> The real issue I have here is one of process.  Why is it that PJE (or 
> any python user who wishes their code to keep working against new 
> versions of Python) must frequent python-dev and convince you (or 
> whatever Python developer might be committing a patch) of each use-case 
> for old functionality? 

Because this is the way free software works. I'm the one contributing
(actually, merely integrating changes proposed by others, Larry Hastings
in particular), so I get to make decisions. This patch had been open
for three years. If pje had any problems with it, he could have rejected
it. If you had problems with it, you could have commented that it should
not be applied. Nobody did, so I decide.

> I would think that the goal here would be to 
> keep all the old Python code running which it is reasonably possible to, 
> regardless of whether the motivating use-cases are understood or not. 

Exactly: which it is reasonably possible to. In this case, I found no
reasonable way to keep it running while still fixing the bug, and not
breaking too much other stuff in order to keep that particular code
running. So the only alternative would have been to reject the change
and live with the bug forever, something that many people here
considered bad.

> My understanding of the current backwards-compatibility policy for 
> Python, the one that Twisted has been trying to emulate strictly, is 
> that, for each potentially incompatible change, there will be:
>  * at least one release with a pending deprecation warning and new, 
> better API
>  * at least one release with a deprecation warning
>  * some number of releases later, the deprecated functionality is removed

If you want to contribute a patch that changes splitext to follow this
policy, please go ahead and submit one. I personally consider a
deprecation warning unacceptable in this specific case.

> I was under the impression that this was documented in a PEP somewhere,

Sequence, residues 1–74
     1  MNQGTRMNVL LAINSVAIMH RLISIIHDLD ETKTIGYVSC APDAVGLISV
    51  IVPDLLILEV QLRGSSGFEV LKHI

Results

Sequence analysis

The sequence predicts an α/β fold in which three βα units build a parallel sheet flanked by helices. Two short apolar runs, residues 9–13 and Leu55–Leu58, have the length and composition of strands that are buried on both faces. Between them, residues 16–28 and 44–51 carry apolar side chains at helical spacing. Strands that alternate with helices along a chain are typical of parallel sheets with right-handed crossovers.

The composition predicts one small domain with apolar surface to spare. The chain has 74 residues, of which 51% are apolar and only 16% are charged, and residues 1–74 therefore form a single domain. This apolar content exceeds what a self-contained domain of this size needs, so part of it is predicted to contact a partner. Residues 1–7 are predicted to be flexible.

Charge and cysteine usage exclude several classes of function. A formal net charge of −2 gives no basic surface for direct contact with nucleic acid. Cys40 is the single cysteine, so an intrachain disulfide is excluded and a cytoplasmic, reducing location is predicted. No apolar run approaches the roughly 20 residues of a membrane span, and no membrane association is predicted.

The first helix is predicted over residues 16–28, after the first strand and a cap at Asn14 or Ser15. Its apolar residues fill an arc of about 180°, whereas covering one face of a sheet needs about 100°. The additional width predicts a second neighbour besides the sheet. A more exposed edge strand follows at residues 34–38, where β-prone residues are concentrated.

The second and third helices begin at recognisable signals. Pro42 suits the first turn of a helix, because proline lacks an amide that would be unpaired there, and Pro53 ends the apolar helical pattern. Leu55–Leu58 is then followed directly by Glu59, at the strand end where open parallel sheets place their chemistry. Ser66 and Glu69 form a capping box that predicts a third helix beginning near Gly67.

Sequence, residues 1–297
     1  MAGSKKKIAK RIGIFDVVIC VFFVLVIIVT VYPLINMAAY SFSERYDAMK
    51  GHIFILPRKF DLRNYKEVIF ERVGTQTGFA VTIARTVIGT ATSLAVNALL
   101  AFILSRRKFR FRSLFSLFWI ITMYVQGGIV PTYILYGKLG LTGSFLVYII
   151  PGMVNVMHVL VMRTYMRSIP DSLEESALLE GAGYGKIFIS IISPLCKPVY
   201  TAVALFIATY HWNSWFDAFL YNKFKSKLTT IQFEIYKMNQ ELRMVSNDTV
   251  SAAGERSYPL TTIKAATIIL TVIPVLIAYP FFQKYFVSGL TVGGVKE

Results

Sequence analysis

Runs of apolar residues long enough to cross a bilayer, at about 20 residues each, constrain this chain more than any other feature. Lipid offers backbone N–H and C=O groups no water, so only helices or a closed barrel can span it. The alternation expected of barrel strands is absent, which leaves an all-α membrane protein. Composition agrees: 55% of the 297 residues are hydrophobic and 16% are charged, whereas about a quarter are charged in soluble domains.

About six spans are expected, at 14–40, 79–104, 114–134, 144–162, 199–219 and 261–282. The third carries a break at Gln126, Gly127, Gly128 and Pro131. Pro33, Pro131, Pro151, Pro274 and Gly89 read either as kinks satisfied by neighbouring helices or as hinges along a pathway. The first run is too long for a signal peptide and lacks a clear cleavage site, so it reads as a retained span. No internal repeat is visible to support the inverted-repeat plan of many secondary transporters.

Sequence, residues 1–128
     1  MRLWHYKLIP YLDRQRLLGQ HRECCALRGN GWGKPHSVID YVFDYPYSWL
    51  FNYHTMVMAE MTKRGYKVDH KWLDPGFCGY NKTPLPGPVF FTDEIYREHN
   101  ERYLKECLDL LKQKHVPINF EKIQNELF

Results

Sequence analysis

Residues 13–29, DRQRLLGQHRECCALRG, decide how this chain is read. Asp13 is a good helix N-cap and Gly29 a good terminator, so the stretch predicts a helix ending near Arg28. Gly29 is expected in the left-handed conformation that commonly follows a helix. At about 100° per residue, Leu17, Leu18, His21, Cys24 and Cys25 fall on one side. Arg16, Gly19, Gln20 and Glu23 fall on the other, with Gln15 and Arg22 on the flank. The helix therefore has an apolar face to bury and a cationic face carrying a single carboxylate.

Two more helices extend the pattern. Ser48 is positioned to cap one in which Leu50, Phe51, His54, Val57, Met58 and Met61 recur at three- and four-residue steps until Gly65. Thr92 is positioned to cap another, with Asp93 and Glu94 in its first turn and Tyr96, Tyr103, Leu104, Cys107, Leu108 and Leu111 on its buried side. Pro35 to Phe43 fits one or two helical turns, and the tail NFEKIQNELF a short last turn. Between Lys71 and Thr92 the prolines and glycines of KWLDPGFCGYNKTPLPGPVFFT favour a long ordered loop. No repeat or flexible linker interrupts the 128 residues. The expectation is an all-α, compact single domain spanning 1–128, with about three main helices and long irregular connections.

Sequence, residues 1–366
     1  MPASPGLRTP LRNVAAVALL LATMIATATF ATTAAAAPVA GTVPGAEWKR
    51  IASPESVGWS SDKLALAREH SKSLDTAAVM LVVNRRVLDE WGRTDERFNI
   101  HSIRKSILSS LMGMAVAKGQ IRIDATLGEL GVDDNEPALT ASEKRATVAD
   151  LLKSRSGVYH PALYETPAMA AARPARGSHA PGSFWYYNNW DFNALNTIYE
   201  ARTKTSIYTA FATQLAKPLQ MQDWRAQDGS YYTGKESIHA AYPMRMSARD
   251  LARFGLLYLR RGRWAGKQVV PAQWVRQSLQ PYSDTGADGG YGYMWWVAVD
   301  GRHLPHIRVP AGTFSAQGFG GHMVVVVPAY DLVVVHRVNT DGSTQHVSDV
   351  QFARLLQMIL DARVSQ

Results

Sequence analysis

> but scanning the ones about backwards compatibility doesn't yield 
> anything.  I can't even figure out why I had this impression.  *Is* 
> there actually such a policy?

There is PEP 5, which is not followed, since it requires 
backwards-incompatible behavior to go through the PEP process.

> If there isn't, there really should be. 

So submit a PEP. Or better, take over maintenance of PEP 5 (or better,
cooperate with the author of the PEP on maintaining it).

> Perhaps policy isn't the right way to solve the problem, but neither is 
> asking every python application developer to meticulously follow and 
> participate in every discussion on python-dev which *might* affect their 
> code.

And there is no need to. If they find that their code breaks, they
can submit bug reports, or, better, contribute patches. This is what
alpha releases are for, and the trunk is buildable all the time,
so you can test your code against the new release even before it
happens. If you want to study the changes, you can read Misc/NEWS
from time to time.

> If Python is not going to have an extremely conservative (and 
> comprehensive, and strictly enforced) backwards-compatibility policy, we 
> can't rely on those mental models as a way of determining what changes 
> to allow.  One way to deal with the question of "how do people really 
> use python in the wild" is to popularize the community buildbots and 
> make it easy to submit projects so that at least we have a picture of 
> what Python developers are really doing.

I was going to say that. Now, if "the community" doesn't pick up the
concept of community buildbots, "the community" has no right to
complain (IMO, and I put that deliberately into quotes, knowing that
"the community" doesn't exist as such, but is made up of individuals,
some interested in the buildbots, stability, and so on, and others
being less conservative).

> In the past I've begged off of actually writing PEPs because I don't 
> have the time, but if there is interest in codifying this I think I 
> don't have the time *not* to write it.

If you think it needs codification, I think you will need to write it
yourself - nobody else will do it for you. Depending on what it will
say, I might disagree. I do disagree with the requirement that
every incompatible go through the PEP, and I understand "incompatible
change" as "programs only relying on document behavior might break".

In the case that triggered the discussion, the change implemented
was not an incompatible change, because the new implementation still
met the old specification (which, of course, was underspecified).

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